The >>>> (TM) Chris Boyd (C) <<<< Guide to Personality Building

(I) Get a userid on a computer sufficiently far away to prevent
(II) Suss out the local bulletin board.
(III) Locate those users whose contributions are notably daft and insult
them. Pointing out spelling mistakes and rank contradictions in
their items is a favoured technique, and is usually as easy as
shooting fish in a barrel.
(IV) Invent a spurious logic.
(V) Pay particular attention to any debate where a dangerous consensus
is emerging and either (i) destroy it by introducing a devastating-
ly controversial red herring or (ii) argue the contrary view with
passion and conviction.
(VI) Blatantly plagiarize pieces by funnier people, and pretend to have
reinvented them.
(VII) Never, but never never EVER apologize for anything.
(8) Never be consistent.
(9) Don't let on what sex you are.
(10) Occasionally remind other users of your impending birthday.
(11) Periodically upset any user who thought you were an ally by
entering into a completely unprovoked personal attack, paying
particular attention to their lack of sexual prowess (or even
(12) Invent and publicize a whole set of neologisms and acronyms.
(13) NEVER go on about bloody computers.

The Lutheran Party

By Eric Iverson

Two weeks ago I was idly browsing the personals, when I saw an ad for
a Lutheran Party. Now I don't normally respond to these things, but I
couldn't help noticing that I not only happened to be Lutheran, but was
also a great lover of parties. It seemed like the perfect match, and so
I wrote the following letter:

Dear People,

I was heartened and a bit surprised to see your ad for the Lutheran
Party, as I was not aware that such a party existed. I am currently a
Democrat, but after this latest election I guess I'm willing to try just
about anything. To show my devotion to your cause I have drafted the


In many ways a political platform for the Lutheran Party goes against
our grain. What with our motto "Anything worth changing is probably just
as worth keeping the same" and all, a piece of paper with a bunch of big
ideas on it just isn't the way we do things. In fact, under a Lutheran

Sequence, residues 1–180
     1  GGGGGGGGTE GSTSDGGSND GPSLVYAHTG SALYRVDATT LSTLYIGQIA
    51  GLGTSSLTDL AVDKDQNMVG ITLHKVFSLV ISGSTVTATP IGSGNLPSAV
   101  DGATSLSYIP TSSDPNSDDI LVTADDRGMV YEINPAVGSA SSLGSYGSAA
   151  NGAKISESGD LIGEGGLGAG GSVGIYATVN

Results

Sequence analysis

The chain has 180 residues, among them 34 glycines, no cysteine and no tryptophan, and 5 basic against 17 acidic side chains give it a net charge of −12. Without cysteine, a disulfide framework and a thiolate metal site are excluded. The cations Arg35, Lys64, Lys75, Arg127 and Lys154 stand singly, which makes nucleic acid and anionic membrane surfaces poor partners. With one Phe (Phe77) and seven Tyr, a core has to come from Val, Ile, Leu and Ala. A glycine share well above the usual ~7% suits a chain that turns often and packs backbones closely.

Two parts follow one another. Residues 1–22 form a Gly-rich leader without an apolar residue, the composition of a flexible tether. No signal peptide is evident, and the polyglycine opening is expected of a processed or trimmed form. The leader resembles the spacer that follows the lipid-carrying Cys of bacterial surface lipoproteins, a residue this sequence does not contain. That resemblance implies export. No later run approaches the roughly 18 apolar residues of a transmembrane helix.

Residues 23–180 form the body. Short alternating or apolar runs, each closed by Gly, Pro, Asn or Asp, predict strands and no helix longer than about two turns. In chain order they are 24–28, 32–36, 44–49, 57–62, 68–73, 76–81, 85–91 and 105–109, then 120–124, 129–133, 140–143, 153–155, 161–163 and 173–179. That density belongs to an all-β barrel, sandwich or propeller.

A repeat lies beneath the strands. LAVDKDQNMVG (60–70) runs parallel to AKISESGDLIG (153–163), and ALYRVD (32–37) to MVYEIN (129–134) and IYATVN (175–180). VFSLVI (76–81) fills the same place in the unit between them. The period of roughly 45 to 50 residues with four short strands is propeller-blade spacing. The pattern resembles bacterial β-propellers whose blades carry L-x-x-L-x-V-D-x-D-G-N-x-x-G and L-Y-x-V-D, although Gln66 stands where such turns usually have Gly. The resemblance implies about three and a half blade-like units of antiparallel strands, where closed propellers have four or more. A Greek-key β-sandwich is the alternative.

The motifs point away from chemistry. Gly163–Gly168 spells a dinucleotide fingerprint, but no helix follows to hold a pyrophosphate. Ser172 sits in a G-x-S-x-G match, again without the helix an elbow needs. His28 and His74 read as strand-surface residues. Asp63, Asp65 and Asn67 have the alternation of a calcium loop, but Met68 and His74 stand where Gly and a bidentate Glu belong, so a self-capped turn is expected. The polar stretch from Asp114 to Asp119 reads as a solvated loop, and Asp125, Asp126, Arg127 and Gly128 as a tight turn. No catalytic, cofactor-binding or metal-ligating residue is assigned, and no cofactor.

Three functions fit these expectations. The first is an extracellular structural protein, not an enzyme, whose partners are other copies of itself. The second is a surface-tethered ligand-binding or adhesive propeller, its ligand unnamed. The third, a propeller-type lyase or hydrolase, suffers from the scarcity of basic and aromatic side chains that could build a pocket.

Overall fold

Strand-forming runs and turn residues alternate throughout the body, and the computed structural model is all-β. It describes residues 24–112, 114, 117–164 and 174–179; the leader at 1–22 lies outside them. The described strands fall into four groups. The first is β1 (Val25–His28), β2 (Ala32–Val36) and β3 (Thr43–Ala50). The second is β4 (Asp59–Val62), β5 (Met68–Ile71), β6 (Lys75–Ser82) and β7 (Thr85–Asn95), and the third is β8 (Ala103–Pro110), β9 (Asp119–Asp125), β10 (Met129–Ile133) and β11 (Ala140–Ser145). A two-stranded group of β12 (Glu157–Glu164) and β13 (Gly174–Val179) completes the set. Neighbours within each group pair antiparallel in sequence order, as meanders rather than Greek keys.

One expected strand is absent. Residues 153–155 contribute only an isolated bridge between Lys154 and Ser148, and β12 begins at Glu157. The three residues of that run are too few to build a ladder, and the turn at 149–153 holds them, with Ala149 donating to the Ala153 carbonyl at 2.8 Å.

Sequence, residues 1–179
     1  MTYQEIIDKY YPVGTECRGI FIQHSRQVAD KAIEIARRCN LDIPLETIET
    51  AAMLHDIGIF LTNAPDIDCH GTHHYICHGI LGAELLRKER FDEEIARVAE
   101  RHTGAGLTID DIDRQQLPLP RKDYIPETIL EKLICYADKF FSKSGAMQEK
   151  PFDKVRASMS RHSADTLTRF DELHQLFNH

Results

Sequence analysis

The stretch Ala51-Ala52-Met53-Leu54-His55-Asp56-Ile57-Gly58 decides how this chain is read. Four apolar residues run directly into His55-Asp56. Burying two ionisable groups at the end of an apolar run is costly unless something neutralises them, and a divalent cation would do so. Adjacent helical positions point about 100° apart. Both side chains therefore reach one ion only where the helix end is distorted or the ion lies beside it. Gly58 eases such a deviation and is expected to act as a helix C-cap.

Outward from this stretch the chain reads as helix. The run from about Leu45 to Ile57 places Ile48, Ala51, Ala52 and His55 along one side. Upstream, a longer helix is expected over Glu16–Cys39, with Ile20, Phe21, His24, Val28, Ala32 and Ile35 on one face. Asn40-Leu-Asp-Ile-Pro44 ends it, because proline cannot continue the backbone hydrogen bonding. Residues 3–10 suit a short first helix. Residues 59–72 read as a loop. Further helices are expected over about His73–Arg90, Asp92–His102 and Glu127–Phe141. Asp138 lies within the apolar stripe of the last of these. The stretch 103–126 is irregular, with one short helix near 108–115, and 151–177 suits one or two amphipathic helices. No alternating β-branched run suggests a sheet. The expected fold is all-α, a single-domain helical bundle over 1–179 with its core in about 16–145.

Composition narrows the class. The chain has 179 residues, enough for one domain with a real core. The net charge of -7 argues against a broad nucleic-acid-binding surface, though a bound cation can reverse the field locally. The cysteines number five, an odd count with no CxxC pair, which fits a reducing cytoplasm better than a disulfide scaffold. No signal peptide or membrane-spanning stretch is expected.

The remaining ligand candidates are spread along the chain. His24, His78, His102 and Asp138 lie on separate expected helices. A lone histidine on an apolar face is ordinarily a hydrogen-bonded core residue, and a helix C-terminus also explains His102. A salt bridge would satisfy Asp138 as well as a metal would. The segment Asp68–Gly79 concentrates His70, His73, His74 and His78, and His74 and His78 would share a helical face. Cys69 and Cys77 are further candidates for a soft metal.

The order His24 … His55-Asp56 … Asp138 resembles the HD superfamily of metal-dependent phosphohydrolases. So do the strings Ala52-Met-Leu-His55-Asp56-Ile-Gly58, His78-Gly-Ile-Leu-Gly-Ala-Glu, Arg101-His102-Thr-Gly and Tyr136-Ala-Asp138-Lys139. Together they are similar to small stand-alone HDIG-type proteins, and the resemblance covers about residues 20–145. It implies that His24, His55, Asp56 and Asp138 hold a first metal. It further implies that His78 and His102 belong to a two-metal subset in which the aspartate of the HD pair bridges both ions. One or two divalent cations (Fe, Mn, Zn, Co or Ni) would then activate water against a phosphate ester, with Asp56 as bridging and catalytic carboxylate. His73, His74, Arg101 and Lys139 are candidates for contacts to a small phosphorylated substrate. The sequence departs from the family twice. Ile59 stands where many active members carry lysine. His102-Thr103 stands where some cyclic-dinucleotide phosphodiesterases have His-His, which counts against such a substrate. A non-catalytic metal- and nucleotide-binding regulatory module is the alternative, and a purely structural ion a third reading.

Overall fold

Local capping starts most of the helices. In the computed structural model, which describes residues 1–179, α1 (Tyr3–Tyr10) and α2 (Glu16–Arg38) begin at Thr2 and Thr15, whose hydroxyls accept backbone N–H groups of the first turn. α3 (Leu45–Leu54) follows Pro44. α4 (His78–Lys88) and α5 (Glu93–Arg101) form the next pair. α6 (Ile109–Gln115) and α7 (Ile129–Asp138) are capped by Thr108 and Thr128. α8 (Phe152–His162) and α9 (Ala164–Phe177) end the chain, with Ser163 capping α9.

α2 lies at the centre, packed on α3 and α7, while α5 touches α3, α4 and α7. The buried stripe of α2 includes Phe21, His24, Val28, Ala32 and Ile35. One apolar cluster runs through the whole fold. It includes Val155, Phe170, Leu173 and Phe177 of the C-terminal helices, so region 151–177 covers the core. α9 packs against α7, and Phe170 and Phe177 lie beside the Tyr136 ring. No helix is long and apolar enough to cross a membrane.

Administration, about the only thing that might change is that we might
get to that fence out back that needs a coat or two of paint (that is if
we can decide on a color). Nevertheless, here are a few things we as the
Lutheran Party could maybe think about doing.


Under a Lutheran Administration, all US residents would be declared
legally Scandinavian (or at least slightly Germanic on their mother's
side). To signify this, residents would in addition take on a new Scan-
dinavian name. In cases where the resident refuses to do this, an
auxiliary pseudo-Scandinavianization will take place. This is a simple
process wherein one or more "j's" will be inserted in unlikely locations
in the person's first name, while a "son" or "stad" will be appended to
the persons last name. For example, the following are good Scandinavian

Kjerstin Rustad
Hjalmar Andbjornson
Gjertrude Aslakson

while below we see the fruits of pseudo-Scandinavianization:

Miguel Hernandez Mjigjuel Hernandezson
Gina Cabrini Gjina Cabrinistad
Malcolm X Mjalcolm Xstad
Prince Pjrinceson

Mind you this process can be dangerous in the hands of improperly trained
personnel, so watch out:

John Jones Jjjkjgjhjjjjohjjkjjn Hjkjonestadsonstad
Paul Hanson Isadora Lutz


Unlike its alphabetical predecessor, the Libertarian Party, the
Lutheran Party does not favor a radical reduction in the size of the Fed-
eral Government. (Well I suppose you could reduce the size a little, but
only if it's not too much trouble.) Instead, the Lutheran Party advo-
cates increasing the size of the Federally Governed. This can be
accomplished through a national diet filled with white sauce, granulated
sugar, butter and of course hot dish. After all "yew can't have a big
strong government if yew aren't big and strong yerself."


In order to pay back the federal deficit, new sources of funding must
be found. One way is to restructure the US currency system in a manner
more in keeping with the traditional pioneer values that made this